If you picked up any of these records you could get a skewed idea of who YLT is and what they can do. I’m not sure myself anymore since I’ve only got five out of the sixteen or so albums I counted on allmusic. And aside from this one I’ve got nothing by them from the last fifteen years. But you can be damn sure I’ll be looking into it.

So aside from getting all those records (a very worthwhile idea in itself, I think) I’m as ready for the show as can be.


Sunday, October 11, 2015


I was keeping my ears open for when the new Yo La Tengo record would be coming out when I got word that they’d be having an album release party at my favorite record store!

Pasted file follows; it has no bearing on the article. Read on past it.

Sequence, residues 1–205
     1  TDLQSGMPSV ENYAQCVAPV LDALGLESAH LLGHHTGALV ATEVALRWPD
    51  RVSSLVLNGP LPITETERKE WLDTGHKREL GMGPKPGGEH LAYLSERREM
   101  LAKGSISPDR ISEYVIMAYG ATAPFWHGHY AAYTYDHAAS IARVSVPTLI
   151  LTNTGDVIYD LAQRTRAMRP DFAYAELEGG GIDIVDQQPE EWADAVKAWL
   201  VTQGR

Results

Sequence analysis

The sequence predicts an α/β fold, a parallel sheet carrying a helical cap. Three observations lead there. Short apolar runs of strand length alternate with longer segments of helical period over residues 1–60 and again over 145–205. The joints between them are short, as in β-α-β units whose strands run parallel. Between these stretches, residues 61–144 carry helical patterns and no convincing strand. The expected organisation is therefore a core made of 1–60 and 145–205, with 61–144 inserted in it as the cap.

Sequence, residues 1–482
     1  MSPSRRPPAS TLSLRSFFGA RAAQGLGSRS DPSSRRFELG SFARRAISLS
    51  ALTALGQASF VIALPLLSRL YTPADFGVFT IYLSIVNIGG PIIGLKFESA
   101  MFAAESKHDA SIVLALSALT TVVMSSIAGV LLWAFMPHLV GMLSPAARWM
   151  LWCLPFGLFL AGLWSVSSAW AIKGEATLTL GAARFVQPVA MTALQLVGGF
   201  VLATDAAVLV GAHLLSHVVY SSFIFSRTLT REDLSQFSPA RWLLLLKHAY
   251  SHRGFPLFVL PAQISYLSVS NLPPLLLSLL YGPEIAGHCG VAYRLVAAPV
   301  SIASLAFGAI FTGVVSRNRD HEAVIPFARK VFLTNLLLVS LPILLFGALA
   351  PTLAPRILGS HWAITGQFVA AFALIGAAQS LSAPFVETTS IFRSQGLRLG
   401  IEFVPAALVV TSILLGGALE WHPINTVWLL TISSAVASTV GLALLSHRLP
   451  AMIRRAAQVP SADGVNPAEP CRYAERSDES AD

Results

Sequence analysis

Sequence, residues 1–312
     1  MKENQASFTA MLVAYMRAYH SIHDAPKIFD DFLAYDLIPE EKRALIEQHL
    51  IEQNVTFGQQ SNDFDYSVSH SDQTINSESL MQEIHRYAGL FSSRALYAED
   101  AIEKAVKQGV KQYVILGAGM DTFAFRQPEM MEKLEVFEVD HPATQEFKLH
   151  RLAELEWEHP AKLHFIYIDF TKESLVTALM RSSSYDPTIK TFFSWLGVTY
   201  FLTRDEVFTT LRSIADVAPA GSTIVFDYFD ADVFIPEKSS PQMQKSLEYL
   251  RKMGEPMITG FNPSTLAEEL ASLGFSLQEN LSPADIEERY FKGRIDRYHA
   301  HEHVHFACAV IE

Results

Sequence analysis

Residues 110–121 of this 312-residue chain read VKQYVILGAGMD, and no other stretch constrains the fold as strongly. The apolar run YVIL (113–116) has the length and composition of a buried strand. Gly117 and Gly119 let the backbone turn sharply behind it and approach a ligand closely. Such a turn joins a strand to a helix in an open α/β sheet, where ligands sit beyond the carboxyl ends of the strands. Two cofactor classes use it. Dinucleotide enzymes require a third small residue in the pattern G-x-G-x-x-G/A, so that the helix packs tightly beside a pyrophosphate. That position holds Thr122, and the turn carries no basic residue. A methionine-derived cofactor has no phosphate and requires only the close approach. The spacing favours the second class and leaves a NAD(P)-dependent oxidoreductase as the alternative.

I dragged Son Michael with me because that’s what kids are for.

And there they were standing in the middle of the crowd. If you didn’t know what they looked like, you could have walked right past them.  But a line was formed so they could autograph albums. By then even the most obtuse could figure out who was who.

So I bought a couple of records and got in line.

Guitarist and singer Ira Kaplan bore the brunt of my obnoxious questions with grace and kindness. Drummer and singer Georgia Hubley somehow balanced DJing, chatting and signing, Bassist James McNew was your pal who was happy to hang with you.

It turns out that their new album is a tribute to and re-visitation of an album they made twenty five years ago. So let’s start there.

Fakebook (1990)